When we approached the appointed intersection, eight participants who had committed to taking an arrest at the action staged a die-in to dramatize the violence that queer Black community members face. They were surrounded by Black organizers holding signs that highlighted the action’s messaging, with non-black allies holding space in a wider circle around them all. A statement was read, explaining the radical history of the day, and why, as more than one sign declared, “Marriage is not enough”:

Queer youth experiencing homelessness, and the plight of trans and queer communities of color, is not merely an issue of transphobia and homophobia in Black and Brown communities; it is equally about classism, racism and gentrification. It is about the draconian measures of austerity that push our people onto the street, refuse us reentrance into real estate and the job market, and the police and prison systems which work together to ensure we stay locked out. Young, Black, Brown, Native, trans, poor, working, immigrant and disabled people are suffering because every system of governance in this country is geared to destroy us.

Members of the trans and Black communities are treated as wholly disposable in this country, as are the Indigenous, marriage or no marriage. This demands action, and it demands that each of us assess where we are standing in relation to the structures that perpetuate oppression and social death.

Non-black allies form a supportive circle around the event's Black organizers. (Photo: Kelly Hayes)Non-black allies form a supportive circle around the event’s Black organizers. (Photo: Kelly Hayes)Resistance to Black death and racially motivated state violence is one of the greatest social struggles of our time, but the Pride Parade itself includes not only a police float, but also a team of workers, courtesy of the prison industrial complex, to clean up after the revelers. That’s right – if you partied in the streets on Sunday in Chicago, leaving behind bottles and wrappers and beads, workers from Sheriff’s Work Alternative Program (SWAP), who paid for the privilege of picking up your trash rather than spending the day in a cell, undoubtedly cleaned up after you. That’s how far we’ve come from the riotous beginnings of what #BlackOutPride organizer Hannah Baptiste has called “a movement that was born in the spirit of abolition and in pursuit of liberation.”

Righteous upheaval has given way to a roving party with a slave-labor clean-up crew.

I stress this because I think it’s important to be honest about what was interrupted on Sunday. A group of Black youth didn’t interrupt a gay wedding. They walked into an event that is supposed to mark the anniversary of a moment when the queer community swung back against police violence – an event that is now a celebration of everything from big banks to Budweiser and the police themselves. They entered that space with radical intentions, and did right by the memory of those whose actions the day is actually meant to honor. They called out the names of those who came before and laid out the struggle ahead. And they were heard. Amid the ugliness launched at them by some, there were also numerous cries of love and support.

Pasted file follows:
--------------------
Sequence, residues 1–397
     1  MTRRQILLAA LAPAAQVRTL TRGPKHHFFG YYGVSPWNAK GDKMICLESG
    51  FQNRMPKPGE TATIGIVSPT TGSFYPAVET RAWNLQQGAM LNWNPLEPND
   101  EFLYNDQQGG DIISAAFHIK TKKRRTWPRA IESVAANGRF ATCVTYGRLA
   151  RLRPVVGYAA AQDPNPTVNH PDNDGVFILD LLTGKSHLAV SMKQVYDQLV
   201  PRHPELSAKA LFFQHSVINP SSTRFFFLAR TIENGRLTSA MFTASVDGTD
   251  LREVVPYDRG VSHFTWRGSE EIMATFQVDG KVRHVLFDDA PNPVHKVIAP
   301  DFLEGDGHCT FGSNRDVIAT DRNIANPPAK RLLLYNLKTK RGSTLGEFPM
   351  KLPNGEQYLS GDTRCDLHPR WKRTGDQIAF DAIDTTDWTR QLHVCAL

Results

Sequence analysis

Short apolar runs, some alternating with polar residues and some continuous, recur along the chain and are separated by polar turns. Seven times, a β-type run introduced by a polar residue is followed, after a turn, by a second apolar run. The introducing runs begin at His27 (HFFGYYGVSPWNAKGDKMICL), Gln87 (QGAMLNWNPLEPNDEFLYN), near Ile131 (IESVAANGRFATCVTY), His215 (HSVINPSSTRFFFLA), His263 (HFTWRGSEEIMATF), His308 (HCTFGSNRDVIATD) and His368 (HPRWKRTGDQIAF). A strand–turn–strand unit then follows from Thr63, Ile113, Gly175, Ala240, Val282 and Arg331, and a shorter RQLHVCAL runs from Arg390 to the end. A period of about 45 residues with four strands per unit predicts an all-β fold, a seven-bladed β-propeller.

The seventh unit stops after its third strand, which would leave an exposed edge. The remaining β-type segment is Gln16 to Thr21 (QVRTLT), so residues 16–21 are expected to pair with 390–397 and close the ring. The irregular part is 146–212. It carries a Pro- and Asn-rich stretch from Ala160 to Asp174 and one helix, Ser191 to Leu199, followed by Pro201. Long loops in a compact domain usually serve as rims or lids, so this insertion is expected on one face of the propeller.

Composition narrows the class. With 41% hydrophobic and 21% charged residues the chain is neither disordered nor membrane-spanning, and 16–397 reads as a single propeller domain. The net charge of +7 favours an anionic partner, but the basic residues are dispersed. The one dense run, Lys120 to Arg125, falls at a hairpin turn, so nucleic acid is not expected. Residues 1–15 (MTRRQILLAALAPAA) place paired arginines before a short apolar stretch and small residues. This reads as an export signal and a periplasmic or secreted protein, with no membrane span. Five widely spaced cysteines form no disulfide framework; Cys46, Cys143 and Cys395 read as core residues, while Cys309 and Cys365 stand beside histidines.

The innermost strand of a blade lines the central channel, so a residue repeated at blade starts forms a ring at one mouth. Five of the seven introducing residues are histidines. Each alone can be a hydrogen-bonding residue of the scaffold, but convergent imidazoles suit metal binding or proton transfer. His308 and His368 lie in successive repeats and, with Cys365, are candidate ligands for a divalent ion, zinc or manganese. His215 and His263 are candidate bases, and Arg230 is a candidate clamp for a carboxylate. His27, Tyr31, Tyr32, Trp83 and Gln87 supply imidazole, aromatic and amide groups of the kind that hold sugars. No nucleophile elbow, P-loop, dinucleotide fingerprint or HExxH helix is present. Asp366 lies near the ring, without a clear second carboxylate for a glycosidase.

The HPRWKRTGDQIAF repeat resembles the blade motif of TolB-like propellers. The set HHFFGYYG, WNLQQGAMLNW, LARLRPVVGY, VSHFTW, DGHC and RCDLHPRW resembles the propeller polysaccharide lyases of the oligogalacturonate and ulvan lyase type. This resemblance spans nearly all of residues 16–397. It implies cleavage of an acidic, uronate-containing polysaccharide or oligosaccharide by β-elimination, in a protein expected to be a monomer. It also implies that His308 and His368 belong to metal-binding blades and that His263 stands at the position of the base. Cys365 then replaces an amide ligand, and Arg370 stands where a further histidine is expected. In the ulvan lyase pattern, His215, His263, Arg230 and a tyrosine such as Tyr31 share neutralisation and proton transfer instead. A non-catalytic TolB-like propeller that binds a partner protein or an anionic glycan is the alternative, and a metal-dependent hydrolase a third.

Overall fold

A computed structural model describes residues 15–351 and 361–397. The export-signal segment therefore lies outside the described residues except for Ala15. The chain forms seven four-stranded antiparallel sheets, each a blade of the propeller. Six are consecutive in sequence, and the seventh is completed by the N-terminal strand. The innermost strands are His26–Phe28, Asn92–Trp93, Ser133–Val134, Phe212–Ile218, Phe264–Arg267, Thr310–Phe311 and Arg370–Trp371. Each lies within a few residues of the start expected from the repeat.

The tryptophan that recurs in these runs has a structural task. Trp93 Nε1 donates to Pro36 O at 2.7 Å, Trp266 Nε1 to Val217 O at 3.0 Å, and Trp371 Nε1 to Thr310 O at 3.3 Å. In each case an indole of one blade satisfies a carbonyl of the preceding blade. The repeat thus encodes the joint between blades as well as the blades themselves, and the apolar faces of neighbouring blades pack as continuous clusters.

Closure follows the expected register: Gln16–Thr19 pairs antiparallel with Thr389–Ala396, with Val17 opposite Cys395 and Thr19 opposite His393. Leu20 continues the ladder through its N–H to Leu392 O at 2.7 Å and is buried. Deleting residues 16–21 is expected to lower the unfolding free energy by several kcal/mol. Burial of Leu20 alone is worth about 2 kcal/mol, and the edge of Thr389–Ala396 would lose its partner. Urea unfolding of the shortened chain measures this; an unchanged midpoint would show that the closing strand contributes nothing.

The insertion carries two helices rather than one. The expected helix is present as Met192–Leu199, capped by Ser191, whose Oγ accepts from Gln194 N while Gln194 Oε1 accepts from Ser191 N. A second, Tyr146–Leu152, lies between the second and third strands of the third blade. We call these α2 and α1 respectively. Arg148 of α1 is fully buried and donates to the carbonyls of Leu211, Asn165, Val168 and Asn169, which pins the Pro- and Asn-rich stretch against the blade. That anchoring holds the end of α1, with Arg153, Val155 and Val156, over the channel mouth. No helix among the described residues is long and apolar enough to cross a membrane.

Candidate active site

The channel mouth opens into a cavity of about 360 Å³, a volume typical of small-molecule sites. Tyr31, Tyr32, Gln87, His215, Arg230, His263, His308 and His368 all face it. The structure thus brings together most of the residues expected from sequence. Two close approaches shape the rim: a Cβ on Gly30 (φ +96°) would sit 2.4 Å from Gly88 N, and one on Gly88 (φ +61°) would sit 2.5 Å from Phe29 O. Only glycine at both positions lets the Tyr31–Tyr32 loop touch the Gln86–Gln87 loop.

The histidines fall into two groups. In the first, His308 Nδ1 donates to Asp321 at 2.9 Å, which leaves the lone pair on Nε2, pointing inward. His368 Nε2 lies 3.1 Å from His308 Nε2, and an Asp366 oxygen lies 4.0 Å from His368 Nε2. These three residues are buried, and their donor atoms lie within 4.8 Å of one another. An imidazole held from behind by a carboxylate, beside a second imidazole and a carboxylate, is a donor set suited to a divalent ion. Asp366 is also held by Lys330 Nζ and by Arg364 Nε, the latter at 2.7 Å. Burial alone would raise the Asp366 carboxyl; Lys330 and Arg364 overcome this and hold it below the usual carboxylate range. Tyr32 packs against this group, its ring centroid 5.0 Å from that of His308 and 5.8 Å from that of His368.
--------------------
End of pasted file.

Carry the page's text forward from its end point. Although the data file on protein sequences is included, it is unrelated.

Eight participants were arrested at the action. They have since been released. (Photo: Kelly Hayes)Eight participants were arrested at the action. They have since been released. (Photo: Kelly Hayes)As we exited the scene, after the eight arrestees had been taken and the action had closed, I was rattled by the aggressiveness of some members of the crowd, but I was also deeply touched by those who took a different attitude. Non-black allies tried to surround and protect our Black organizers as we left, with love and also as a demonstration of the care we should show to those most marginalized in our communities. As I saw a few members of the crowd begin to throw their drinks at us, I threw my hands up to try to protect the young Black person in front of me. I didn’t want any harm to come to them because they had chosen to be brave and to say unpopular truths on a day when people wanted to forget them.

As we emerged from the crowd, I lowered my hands, and a young Black woman who had watched the action unfold approached us. As she expressed her gratitude, I began to understand what it meant for her, as a young Black woman, to have come to see the parade and to have witnessed this action. As over a million people gathered, her liberation had been called for in a moment of struggle, on the anniversary of the Stonewall Riots. That’s what I will try to carry with me as I look forward, and contemplate my role in an intersectional movement for queer liberation.